A human or animal suffering from a cutaneous horn could be what inspired legends of devils, unicorns, and other mythical horned creatures.
Throughout history, mythology has been full of mysterious horned creatures like unicorns, devils, and jackalopes. Though these creatures don’t exist, there is some basis for the lore. A popular theory is that the myths of unicorns and other could be an entirely legitimate medical condition: a type of tumor known as a cutaneous horn.
A cutaneous horn is exactly what it sounds like. A horn, growing out of the head or ears of a mammal that doesn’t usually have horns. Even more terrifying is that they’re more common in humans than they are in other animals.
In most cases, cutaneous horns are a form of a skin tumor. They occur when a buildup of excess keratin, the protein that forms hair, skin, and nails, protrudes through the skin. Unlike most tumors, however, cutaneous horns are uniquely shaped. They resemble, in both appearance and texture, a tiny conical antler.
Though usually small — typically a few centimeters long at the most — there have been reported cases of cutaneous horns reaching amazing lengths.
One of the first reported cases was also one of the longest. Found in Paris at the beginning of the 19th century, the horn was growing out of the center of a woman’s forehead, a widow named Madame Dimanche. The horn had been growing for six years after first appearing when Dimanche was 76 years old.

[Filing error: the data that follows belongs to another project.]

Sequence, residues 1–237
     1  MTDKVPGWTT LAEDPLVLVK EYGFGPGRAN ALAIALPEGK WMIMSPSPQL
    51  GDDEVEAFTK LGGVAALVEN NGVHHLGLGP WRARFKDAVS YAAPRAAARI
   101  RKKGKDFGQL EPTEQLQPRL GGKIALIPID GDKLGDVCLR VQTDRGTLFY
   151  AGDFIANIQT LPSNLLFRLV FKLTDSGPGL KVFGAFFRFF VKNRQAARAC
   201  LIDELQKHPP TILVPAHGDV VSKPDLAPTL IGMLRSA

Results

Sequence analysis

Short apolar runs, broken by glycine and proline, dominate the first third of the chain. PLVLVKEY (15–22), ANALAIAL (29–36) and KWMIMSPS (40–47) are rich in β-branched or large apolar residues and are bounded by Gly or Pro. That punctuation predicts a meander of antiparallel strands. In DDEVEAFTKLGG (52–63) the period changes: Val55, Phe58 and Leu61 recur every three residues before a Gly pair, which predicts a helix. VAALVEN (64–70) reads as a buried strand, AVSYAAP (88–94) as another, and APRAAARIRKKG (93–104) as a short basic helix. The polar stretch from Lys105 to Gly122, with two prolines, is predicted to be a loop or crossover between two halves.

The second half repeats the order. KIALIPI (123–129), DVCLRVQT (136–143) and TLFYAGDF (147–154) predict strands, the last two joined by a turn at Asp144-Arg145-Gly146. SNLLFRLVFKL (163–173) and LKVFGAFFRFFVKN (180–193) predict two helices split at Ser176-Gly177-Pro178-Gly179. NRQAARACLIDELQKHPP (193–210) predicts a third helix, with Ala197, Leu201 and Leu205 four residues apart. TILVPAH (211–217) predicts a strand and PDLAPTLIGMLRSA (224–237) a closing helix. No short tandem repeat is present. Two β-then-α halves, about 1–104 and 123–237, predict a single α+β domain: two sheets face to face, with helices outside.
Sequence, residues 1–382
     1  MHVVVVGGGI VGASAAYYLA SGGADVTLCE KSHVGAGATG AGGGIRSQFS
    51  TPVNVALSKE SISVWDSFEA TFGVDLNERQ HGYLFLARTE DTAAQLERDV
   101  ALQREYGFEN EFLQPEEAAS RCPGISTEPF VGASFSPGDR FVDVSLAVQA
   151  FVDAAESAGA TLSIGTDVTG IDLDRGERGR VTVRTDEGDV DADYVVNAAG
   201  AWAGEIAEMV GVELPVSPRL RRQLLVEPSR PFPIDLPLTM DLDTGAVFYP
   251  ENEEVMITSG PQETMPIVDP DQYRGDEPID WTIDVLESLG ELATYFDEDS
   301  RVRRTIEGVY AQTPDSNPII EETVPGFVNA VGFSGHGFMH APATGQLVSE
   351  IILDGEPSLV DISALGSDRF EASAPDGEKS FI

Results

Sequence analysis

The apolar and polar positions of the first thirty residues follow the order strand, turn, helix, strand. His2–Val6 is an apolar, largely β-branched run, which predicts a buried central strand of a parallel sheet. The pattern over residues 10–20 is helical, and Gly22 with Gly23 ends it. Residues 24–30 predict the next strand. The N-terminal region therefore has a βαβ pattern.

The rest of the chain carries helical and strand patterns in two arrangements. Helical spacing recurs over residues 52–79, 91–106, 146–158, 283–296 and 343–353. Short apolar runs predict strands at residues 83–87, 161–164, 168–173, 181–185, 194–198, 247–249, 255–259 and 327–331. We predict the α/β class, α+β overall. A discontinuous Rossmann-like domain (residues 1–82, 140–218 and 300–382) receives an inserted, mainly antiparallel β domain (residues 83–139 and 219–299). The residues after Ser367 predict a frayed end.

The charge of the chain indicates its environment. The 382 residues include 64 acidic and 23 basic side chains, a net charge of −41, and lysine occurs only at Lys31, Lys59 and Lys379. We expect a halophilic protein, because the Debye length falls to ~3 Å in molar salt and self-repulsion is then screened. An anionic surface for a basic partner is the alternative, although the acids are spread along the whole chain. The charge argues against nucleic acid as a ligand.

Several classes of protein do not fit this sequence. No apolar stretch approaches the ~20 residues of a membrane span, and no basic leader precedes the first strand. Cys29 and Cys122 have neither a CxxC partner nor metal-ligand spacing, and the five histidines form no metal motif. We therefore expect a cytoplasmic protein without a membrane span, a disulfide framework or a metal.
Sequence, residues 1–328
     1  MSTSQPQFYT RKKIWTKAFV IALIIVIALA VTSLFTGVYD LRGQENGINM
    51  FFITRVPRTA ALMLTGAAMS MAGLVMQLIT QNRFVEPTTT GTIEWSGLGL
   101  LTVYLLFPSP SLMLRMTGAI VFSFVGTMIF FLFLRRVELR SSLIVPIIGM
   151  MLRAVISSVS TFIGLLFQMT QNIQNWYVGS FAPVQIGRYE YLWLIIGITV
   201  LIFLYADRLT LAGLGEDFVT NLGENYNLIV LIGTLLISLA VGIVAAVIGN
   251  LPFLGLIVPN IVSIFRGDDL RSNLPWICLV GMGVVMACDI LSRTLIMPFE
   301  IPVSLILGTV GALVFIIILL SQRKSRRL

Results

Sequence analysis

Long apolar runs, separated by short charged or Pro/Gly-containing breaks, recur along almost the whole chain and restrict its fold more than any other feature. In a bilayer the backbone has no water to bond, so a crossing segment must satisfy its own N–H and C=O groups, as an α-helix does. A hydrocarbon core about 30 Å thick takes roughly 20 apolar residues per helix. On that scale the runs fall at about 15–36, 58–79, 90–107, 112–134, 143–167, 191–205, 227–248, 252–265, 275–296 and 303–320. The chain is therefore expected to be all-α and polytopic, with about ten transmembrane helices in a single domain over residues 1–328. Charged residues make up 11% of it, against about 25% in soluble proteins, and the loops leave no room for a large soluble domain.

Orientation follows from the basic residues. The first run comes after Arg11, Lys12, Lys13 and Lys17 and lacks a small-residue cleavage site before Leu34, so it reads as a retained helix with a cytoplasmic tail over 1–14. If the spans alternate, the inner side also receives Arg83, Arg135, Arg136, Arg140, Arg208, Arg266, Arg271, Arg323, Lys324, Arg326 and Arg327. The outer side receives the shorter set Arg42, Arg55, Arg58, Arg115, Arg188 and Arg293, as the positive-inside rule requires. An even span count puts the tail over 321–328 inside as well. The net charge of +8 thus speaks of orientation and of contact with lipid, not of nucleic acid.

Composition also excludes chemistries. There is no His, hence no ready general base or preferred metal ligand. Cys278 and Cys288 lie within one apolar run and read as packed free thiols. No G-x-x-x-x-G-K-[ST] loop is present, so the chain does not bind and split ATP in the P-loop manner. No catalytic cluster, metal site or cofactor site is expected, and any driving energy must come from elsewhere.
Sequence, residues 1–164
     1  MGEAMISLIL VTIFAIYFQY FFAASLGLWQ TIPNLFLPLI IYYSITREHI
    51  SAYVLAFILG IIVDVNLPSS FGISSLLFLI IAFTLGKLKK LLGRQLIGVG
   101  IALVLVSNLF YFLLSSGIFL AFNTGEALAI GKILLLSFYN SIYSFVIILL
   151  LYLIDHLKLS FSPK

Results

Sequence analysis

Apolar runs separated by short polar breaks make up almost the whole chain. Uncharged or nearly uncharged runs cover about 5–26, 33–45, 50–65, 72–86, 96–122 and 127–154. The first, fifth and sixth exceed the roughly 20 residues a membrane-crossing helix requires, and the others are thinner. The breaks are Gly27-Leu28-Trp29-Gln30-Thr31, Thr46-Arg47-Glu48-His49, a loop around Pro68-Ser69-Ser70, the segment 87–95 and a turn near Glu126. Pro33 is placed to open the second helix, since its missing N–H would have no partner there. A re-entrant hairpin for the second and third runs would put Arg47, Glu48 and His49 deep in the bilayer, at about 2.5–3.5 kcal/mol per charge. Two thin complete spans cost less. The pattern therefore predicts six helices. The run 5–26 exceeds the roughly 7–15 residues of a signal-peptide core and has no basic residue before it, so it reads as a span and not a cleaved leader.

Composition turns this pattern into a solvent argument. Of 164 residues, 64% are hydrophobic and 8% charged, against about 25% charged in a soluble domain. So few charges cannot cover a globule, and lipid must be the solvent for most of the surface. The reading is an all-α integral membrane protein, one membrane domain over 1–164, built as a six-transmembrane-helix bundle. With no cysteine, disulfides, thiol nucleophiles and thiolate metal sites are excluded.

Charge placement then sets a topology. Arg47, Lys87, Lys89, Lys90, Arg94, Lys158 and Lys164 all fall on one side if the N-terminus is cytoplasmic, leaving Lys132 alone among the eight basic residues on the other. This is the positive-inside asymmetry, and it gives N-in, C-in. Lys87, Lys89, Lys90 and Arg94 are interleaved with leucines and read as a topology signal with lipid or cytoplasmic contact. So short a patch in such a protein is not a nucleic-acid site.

She’d been told it wasn’t a fatal affliction and had therefore refused to have surgery to get it removed. Soon, however, it was clear that it was not going to stop growing on its own, and that it was impeding her daily lifestyle. By the time she eventually had it removed, it had reached 10 inches in length, hanging so low it almost reached her chin.
While the cutaneous horns are fascinating, not much is known about what causes them. The horns usually grow on parts of the body that are often exposed to sunlight, such as the face, ears, and the backs of the hands, though the head is the most usual location. As a result, it has been theorized that radiation can trigger the condition.
A link to the human papillomavirus has also been suggested, as there is a form of the virus that causes tree-bark-like growths to occur on the hands and feet, the makeup of which is similar to that of a cutaneous horn. There is also a strain of papillomavirus that causes rabbits to grow horns, in a similar way to humans.
In roughly 20% of cases, the horns can be a sign of an underlying skin condition, such as a carcinoma, but for the most part, the horns are nothing to worry about. Aside from being rather unsightly, and occasionally in the way, they are often benign, and are easily removed.
Next after learning about Cutaneous Horns, read more about historical humans by checking out this 13 million-year-old skull and this reconstruction of a 9,500-year-old human.